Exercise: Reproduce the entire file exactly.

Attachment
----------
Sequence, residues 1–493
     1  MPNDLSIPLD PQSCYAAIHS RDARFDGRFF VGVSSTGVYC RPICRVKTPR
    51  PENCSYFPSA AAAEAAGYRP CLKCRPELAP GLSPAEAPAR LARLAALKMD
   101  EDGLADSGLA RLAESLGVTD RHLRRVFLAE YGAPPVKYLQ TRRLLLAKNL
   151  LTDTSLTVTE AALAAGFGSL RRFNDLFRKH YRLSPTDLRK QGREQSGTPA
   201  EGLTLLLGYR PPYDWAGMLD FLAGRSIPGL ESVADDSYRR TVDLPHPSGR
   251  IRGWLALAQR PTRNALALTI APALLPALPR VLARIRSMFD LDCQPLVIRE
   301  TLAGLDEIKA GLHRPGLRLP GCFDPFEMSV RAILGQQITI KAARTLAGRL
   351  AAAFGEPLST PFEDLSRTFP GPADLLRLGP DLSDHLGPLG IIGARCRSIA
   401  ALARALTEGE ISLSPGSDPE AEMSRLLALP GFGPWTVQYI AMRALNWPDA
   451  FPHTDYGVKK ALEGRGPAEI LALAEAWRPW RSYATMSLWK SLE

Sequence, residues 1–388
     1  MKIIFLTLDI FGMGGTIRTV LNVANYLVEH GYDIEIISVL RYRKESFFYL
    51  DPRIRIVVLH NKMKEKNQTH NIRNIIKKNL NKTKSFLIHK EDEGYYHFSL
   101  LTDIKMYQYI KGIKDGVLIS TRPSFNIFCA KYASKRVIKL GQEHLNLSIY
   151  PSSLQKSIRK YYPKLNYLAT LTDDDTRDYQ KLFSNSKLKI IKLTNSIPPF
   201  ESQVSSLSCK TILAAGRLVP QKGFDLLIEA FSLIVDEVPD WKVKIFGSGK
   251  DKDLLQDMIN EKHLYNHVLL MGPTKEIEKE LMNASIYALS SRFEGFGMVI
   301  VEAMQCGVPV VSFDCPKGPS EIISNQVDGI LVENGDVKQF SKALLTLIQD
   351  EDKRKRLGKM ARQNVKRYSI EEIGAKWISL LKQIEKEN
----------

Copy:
Sequence, residues 1–493
     1  MPNDLSIPLD PQSCYAAIHS RDARFDGRFF VGVSSTGVYC RPICRVKTPR
    51  PENCSYFPSA AAAEAAGYRP CLKCRPELAP GLSPAEAPAR LARLAALKMD
   101  EDGLADSGLA RLAESLGVTD RHLRRVFLAE YGAPPVKYLQ TRRLLLAKNL
   151  LTDTSLTVTE AALAAGFGSL RRFNDLFRKH YRLSPTDLRK QGREQSGTPA
   201  EGLTLLLGYR PPYDWAGMLD FLAGRSIPGL ESVADDSYRR TVDLPHPSGR
   251  IRGWLALAQR PTRNALALTI APALLPALPR VLARIRSMFD LDCQPLVIRE
   301  TLAGLDEIKA GLHRPGLRLP GCFDPFEMSV RAILGQQITI KAARTLAGRL
   351  AAAFGEPLST PFEDLSRTFP GPADLLRLGP DLSDHLGPLG IIGARCRSIA
   401  ALARALTEGE ISLSPGSDPE AEMSRLLALP GFGPWTVQYI AMRALNWPDA
   451  FPHTDYGVKK ALEGRGPAEI LALAEAWRPW RSYATMSLWK SLE

Sequence, residues 1–388
     1  MKIIFLTLDI FGMGGTIRTV LNVANYLVEH GYDIEIISVL RYRKESFFYL
    51  DPRIRIVVLH NKMKEKNQTH NIRNIIKKNL NKTKSFLIHK EDEGYYHFSL
   101  LTDIKMYQYI KGIKDGVLIS TRPSFNIFCA KYASKRVIKL GQEHLNLSIY
   151  PSSLQKSIRK YYPKLNYLAT LTDDDTRDYQ KLFSNSKLKI IKLTNSIPPF
   201  ESQVSSLSCK TILAAGRLVP QKGFDLLIEA FSLIVDEVPD WKVKIFGSGK
   251  DKDLLQDMIN EKHLYNHVLL MGPTKEIEKE LMNASIYALS SRFEGFGMVI
   301  VEAMQCGVPV VSFDCPKGPS EIISNQVDGI LVENGDVKQF SKALLTLIQD
   351  EDKRKRLGKM ARQNVKRYSI EEIGAKWISL LKQIEKEN